How Home-Based Palliative Care Can Help You or a Loved One

By Spencer Christensen, MD

If you or a loved one are living with a serious illness like cancer, heart or lung disease, you may need help managing symptoms, improving your quality of life, or reducing stress. Palliative care can help. 

Whether receiving palliative care at a hospital, outpatient clinic, or at home (“home-based palliative care”), there are options for getting the care that you or your loved one needs. In this blog post, we explore the ins and outs of one of the options – home-based palliative care – with answers to some commonly asked questions. 

What is Palliative Care? Is Home-Based Palliative Care Different?
Palliative care (pronounced pal-lee-uh-tiv) is specialized medical care for people living with serious illnesses. This type of care is focused on relief from the symptoms and stress of a serious illness. The goal is to improve quality of life for both the patient and the family. Palliative care is provided by a specially trained team of doctors, nurses and other specialists, who work together with a patient’s other doctors to provide an extra layer of support. It is appropriate at any age and at any stage in a serious illness, and it can be provided along with curative treatment.

Palliative care is available in various settings, so that the person living with a serious illness can receive it where they need it. Whether that’s at home or in a hospital, the goals are the same. And home-based palliative care can help you avoid unnecessary hospitalizations by managing complex symptoms before they get worse. 

What can I expect from home-based palliative care?
You or your loved one would have a specially-trained team — which may include a doctor and a nurse — dedicated to helping improve your quality of life. They would work with you, your family, and your other doctors to treat symptoms like pain, shortness of breath, anxiety, and more. The team would get to know you as a person and provide care tailored to your needs and what you would like in addressing your symptoms, emotional stress and spiritual needs. In many cases, they can help arrange for necessary medical tests to be done at your home, such as x-rays or blood work. And the palliative care team also communicates with your other doctors to make sure everyone is aware of your needs and care.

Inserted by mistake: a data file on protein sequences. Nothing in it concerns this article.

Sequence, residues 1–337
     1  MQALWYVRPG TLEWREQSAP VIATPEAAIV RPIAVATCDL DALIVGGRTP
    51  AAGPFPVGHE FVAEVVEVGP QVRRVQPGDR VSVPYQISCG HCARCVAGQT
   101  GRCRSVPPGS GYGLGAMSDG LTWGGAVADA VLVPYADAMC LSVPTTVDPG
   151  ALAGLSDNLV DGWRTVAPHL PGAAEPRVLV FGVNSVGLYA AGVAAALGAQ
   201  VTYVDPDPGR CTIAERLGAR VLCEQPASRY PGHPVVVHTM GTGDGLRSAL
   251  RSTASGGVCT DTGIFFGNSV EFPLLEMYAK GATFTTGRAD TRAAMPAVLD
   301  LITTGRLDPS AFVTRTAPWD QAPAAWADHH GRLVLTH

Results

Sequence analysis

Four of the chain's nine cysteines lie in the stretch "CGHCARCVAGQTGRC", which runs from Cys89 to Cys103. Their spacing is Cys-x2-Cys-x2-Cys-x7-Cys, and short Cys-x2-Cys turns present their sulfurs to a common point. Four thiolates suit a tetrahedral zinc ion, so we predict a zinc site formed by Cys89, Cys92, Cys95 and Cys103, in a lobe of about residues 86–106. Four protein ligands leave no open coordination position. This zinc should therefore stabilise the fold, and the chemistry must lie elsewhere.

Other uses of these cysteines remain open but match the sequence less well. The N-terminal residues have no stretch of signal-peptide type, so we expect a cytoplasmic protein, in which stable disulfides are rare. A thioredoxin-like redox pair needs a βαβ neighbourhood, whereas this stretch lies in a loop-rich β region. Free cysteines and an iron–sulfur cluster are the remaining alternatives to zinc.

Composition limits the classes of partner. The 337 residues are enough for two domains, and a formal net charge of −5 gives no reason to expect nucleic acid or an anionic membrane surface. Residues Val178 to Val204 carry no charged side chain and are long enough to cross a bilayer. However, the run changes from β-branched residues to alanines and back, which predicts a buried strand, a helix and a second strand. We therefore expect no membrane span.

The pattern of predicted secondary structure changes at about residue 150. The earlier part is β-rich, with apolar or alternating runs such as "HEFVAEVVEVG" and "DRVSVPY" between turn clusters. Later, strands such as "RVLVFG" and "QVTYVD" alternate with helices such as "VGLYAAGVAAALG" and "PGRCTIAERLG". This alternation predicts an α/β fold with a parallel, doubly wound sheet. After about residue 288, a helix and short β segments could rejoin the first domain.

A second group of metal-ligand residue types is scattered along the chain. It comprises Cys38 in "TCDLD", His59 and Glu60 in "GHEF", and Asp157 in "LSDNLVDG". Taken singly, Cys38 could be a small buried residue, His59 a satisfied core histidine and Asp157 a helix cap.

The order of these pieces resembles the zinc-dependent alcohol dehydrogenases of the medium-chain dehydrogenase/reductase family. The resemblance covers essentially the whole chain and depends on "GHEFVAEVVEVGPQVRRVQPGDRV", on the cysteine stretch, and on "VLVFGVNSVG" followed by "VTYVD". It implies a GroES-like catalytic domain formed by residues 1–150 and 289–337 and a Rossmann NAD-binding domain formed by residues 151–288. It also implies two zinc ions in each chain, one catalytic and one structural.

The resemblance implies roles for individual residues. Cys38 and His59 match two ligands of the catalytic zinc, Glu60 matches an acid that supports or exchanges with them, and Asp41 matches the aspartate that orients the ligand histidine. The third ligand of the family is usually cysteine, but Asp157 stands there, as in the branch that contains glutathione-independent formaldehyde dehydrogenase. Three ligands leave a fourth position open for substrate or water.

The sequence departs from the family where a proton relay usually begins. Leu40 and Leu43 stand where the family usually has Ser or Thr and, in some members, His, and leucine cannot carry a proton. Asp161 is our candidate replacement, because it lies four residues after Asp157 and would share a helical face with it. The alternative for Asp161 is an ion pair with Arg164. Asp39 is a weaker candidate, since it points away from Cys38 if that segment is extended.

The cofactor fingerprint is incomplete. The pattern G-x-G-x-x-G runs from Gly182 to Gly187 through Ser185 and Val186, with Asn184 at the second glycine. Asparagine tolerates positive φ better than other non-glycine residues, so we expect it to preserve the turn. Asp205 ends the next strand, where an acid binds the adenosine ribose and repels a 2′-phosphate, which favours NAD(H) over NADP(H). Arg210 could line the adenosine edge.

Will the home-based palliative care team listen to me as a patient?

The palliative care team will spend time listening to you, and getting to know you and your family. They want to learn what’s important to you; and based on that, they’ll develop a treatment plan. 

How do I know if home-based palliative care is available where I live?
Originally, palliative care was only available to patients and families within the hospital. But now that doctors see the many ways that palliative care can help, and the Affordable Care Act was passed, it is becoming more widely available in other settings. 

While availability is growing, it’s not yet an option everywhere. If you or a loved one are having difficulty with a serious illness, it’s important to talk to your doctor about palliative care to learn what services are available where you live. A referral is typically necessary. You can look at this Palliative Care Provider Directory – and share it with your doctor to help locate programs in your area.  

How to Get Palliative Care

If you are or a loved one are living with a serious illness, ask your doctor for a palliative care referral. As mentioned above, in some areas, palliative care is available in the comfort of your home – but, when it’s not, it is available in most hospitals and outpatient clinics. For more information about palliative care and to see if it’s right for you, visit

COVID-19 Safety Reminder
As someone living with a serious illness, it’s important that you keep following health and safety guidelines related to COVID-19. The virus is still circulating and you may have more than one risk factor that could lead to severe complications if you catch this infection. The virus is spread through person-to-person contact, via respiratory droplets produced when an infected person coughs, sneezes or even simply talks. It’s not always clear if someone is infected, so the US Centers for Disease Control advises that individuals in higher risk groups maintain health and safety practices. These include proper and frequent handwashing or use of hand sanitizer, wearing face coverings in public, and physical distancing with anyone outside of your immediate family circle. Visit the COVID-19 information pages at to learn more.


Dr. Christensen is with the Icahn School of Medicine at Mount Sinai in New York City.